I think Age, nowadays with diets and exercise and new technologies, is not a realy good metric anymore. I know guys in their 40s absolutely smashing it and guys in their 20s being in pain. Each body is different, each mind is different as well. If you take care of your body, train correctly, have a good lifestyle and diet, the only limitation is when your body says "Stop man, it's over". If you feel good, resistant, energetic, don't worry about age. 

I began Muay Thai 3 months ago and I turned 29 last month. My goal is to have at least a professional fight in Thailand. So I might be old for competition standards, but if I want it, I'll deliver. 

Edited by Nicolas
  • Like 2
  • Respect 1
  • Heart 1
Link to comment
Share on other sites

Create an account or sign in to comment

You need to be a member in order to leave a comment

Create an account

Sign up for a new account in our community. It's easy!

Register a new account

Sign in

Already have an account? Sign in here.

Sign In Now


  • Most Recent Topics

  • Latest Comments

    • This short essay series also confronts the aesthetics of Muay Thai, as a practice. Arguments that Westerners often come to train in Thailand as a matter of a project of aesthetics.      
    • I'm just going to respond generally here. I think at 70 kg your best bet would be a gym in Phuket, because I'm not sure it would be easy to get a fight with a Thai in other parts of the country? Perhaps there are really experienced Thai female fighters in Chiang Mai who fight at 60? At least in Phuket you'd have a better chance of being matched up against another larger westerner as well? We're a little blind on the state of fighting promotions in Chiang Mai and Phuket, in the COVID era, but it seems that Phuket is having more regular shows than Chiang Mai at this point. In terms of gym recommendations though, we really don't know Phuket gyms, personally. Phuket Fight Club is a very powerful gym in Phuket that features a lot of Brazilian fighters on shows, that seems to teach a very disciplined, kick-oriented, balanced attack (based on how they seem to fight). At least with the good sized gym like that you'd have suitable training partners, and they should be able to get you fights...but this is just a view from afar.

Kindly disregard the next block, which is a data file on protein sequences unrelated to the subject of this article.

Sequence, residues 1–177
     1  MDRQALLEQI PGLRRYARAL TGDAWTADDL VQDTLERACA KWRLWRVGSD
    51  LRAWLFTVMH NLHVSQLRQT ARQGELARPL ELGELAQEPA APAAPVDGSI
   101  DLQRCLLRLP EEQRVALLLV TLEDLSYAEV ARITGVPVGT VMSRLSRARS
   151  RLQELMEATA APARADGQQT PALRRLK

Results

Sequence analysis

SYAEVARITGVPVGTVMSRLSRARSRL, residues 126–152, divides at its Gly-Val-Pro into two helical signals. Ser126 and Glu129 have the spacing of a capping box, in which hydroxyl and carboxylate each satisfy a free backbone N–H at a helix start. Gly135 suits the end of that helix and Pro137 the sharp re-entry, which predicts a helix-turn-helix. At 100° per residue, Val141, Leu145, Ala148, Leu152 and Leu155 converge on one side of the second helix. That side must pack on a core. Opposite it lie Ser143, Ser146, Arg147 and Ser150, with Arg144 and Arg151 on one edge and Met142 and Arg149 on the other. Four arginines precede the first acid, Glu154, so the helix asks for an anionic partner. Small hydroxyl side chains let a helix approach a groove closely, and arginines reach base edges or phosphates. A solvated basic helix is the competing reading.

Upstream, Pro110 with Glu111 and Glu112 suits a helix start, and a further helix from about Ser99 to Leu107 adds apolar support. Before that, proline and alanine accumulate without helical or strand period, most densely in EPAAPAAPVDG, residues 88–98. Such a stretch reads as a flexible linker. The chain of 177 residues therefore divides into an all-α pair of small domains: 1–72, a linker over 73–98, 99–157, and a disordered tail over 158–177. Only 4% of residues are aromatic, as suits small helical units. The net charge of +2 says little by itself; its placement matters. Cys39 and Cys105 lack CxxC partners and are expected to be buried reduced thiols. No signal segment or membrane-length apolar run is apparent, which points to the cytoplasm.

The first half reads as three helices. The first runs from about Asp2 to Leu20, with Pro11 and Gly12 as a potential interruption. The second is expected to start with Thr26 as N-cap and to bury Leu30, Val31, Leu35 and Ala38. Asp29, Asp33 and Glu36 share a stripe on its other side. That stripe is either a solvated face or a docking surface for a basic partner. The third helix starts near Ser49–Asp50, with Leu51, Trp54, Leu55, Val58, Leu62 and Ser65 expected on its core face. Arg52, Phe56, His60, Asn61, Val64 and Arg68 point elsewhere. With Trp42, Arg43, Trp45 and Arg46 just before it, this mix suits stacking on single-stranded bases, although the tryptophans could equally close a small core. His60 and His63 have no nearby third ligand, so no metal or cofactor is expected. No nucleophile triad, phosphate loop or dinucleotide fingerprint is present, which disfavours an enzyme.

• I'll be going to Thailand for 2-3 months next summer with my aim being training as much as possible and hopefully fighting. I've only had 2 fights, by the time I go I'm hoping to have had 3. One thing that I believe might cause me issues is the fact that I'm pretty big, 5'9 and walk around at about 70kg. In the west it's not that big of a problem, I always train with men because there is never any girl my size and I don't mind it at all, but I wonder if that could be an issue in Thailand. I'd also like to add that while I'm looking to develop my whole game and work on my weaknesses, I'm naturally a long range counter fighter and kicks have always been my best asset. I also have a kyokushin karate background. I've always been most comfortable keeping range and scoring on the back foot, no matter how hard my karate coaches have tried to change it, so I'm looking for a gym that would best suit my style.